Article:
Blair listens only to the bosses


PRIME Minister Blair, despite all his vows about listening to the people – made outside 10 Downing Street on the day after the general election – has immediately resumed normal business. He has slapped the Labour Party in the face and used the House of Lords to bring key right wing advisers directly into his government, while at the same time bringing back former discredited ministers.

Blair is listening all right, but it is to the bosses and the bankers, not to the Labour Party or to the working class and its trade unions.

First, he brought back Blunkett, the ex-Home Secretary who was forced to resign after his lover’s nanny’s visa was ‘facilitated’ by the Home Office. He is to spearhead the government’s drive against the public sector trade unions to destroy the final salary pensions of their members.

Then he brought back one of Blunkett’s ex-Home Office Ministers, Beverley Hughes. She was forced to resign as immigration minister, before Blunkett went, after misleading people over visa checks on Romanian and Bulgarian applicants. She has now returned as children’s minister.

Now, Andrew Adonis has been rushed into the government as an education minister. He is not an MP, but he is the leading adviser on education to the Prime Minister. He has been made a peer so that he can sit as a minister in the House of Lords.

His appointment is seen throughout the Labour Party as a conscious provocation by the Prime Minister.

Adonis is credited as the driving force behind the breaking of Labour’s 2001 general election manifesto pledge not to abolish students’ grants.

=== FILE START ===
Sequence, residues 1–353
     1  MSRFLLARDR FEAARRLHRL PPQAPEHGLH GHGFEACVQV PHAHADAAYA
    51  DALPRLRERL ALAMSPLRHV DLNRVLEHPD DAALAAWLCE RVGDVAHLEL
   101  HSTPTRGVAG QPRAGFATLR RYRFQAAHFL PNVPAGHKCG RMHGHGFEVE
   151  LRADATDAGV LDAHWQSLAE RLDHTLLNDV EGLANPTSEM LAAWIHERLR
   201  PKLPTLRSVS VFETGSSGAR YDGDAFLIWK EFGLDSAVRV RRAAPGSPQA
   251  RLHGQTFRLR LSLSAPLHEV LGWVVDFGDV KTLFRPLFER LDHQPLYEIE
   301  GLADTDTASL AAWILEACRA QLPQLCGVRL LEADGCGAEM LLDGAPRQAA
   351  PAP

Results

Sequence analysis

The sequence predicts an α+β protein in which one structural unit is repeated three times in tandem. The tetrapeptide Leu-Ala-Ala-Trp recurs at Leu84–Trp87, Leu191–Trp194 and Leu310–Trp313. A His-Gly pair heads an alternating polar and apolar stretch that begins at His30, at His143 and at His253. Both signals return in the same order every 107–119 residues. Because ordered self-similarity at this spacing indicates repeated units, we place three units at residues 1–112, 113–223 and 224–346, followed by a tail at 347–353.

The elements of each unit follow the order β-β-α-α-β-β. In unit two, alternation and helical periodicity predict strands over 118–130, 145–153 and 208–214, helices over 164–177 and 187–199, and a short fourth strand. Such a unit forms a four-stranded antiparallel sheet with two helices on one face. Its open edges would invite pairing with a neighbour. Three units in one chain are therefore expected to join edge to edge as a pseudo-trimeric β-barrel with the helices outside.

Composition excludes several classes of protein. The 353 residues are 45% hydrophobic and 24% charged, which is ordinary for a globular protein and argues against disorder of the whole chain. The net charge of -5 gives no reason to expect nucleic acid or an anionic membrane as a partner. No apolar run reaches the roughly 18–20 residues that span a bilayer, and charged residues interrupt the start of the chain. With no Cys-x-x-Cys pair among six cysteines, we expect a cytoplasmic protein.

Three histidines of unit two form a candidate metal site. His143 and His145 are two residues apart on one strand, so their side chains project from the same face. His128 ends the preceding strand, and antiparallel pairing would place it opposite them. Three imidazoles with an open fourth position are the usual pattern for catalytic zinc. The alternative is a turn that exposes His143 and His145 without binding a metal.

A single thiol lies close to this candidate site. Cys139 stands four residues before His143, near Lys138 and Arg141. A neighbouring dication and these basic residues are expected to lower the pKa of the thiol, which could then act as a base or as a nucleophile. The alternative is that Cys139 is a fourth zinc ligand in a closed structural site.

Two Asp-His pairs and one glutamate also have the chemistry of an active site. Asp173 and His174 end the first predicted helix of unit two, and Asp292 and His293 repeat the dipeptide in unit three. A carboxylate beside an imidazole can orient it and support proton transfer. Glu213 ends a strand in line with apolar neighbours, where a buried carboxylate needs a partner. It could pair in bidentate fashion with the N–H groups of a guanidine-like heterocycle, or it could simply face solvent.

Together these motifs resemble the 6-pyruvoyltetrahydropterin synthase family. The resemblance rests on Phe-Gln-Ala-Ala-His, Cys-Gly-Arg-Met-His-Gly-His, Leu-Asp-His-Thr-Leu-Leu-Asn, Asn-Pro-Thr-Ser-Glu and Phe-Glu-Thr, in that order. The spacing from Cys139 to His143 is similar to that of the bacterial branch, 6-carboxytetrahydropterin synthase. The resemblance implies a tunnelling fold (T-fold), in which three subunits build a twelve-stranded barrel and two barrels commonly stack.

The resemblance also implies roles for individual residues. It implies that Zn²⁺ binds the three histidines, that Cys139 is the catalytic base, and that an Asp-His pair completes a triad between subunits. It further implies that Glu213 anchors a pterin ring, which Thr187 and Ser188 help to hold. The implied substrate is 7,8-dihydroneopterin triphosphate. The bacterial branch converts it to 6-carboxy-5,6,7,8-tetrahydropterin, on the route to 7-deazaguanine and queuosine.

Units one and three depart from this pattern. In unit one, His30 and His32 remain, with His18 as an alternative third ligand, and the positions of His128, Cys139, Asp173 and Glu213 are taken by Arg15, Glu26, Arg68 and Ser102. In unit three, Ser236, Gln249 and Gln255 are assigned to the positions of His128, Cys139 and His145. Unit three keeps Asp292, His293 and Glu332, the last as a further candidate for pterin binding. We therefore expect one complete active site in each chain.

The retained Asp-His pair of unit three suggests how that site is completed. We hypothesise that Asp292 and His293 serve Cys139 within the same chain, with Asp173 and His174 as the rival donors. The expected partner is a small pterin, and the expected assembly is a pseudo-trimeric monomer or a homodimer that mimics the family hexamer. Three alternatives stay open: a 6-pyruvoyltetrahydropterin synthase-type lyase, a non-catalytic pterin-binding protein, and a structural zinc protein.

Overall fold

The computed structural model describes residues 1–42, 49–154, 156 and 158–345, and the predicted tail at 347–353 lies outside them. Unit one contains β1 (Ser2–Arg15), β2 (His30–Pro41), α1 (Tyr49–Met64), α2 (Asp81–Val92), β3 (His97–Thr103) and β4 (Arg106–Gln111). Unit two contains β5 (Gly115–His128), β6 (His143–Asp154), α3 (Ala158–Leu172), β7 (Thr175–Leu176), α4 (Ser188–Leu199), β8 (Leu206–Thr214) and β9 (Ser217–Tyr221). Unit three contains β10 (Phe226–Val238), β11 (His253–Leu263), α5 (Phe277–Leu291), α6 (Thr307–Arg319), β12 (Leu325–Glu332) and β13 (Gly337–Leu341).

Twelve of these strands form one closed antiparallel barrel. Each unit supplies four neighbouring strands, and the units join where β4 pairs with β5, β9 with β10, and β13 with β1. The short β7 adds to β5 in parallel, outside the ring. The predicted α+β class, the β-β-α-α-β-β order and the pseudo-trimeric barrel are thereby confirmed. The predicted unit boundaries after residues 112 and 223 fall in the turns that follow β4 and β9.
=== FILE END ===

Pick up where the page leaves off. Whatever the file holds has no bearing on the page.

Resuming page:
He is further credited with driving forward the introduction of big business dominated City Academies and Foundation Schools.

Labour MPs and Labour Party members consider Adonis to be the man who handed over millions of votes to the Tories because of the hostility throughout the country to his ‘education reforms’.

Now he has been promoted, and fast-tracked into the government to speed up the privatisation of education.

There has also been promotion for ex-Tory Shaun Woodward, who defected to Labour before the 2001 general election, while Lord Drayson, who made a fortune in the pharmaceuticals industry and has given millions in donations to Labour, has been made a junior minister in the Ministry of Defence.

He was nominated to be a peer by Blair in 2004. How’s that for rapid advancement!

There is however more to come, namely the speeding up, and extension of, the privatisation programme, particularly the breaching of the Labour government’s assurances that the Royal Mail will not be privatised.

Labour Party leaders, such as the Minister for Productivity, Energy, and Industry, the ex-postal workers’ leader Alan Johnson, are being urged by big business to let Royal Mail borrow £2 billion from the banks to buy out the government.

The workers would then be given shares in the privatised industry and it would be up to them to cut their own wages, and rationalise and sack themselves to repay the banks and keep the industry afloat – the height of Blairite cynicism!

Johnson is soon to appoint a business leader to review ‘the impact on the Royal Mail of market liberalisation’, to set the scene for the adoption of the buy-out plan.

This is despite the 2005 Labour election manifesto saying: ‘We have given Royal Mail greater commercial freedom and have no plans to privatise it.’

Having got away with breaking a manifesto pledge over students grants and tuition fees, the government feels free to do the same with the Royal Mail.

Faced with these prospects the trade unions must organise to defend their members’ jobs, wages, pensions and their basic rights.

The trade unions must take action to bring down the Blair government to go forward to a workers’ government that will carry out socialist policies.

This is the only way forward for the working class.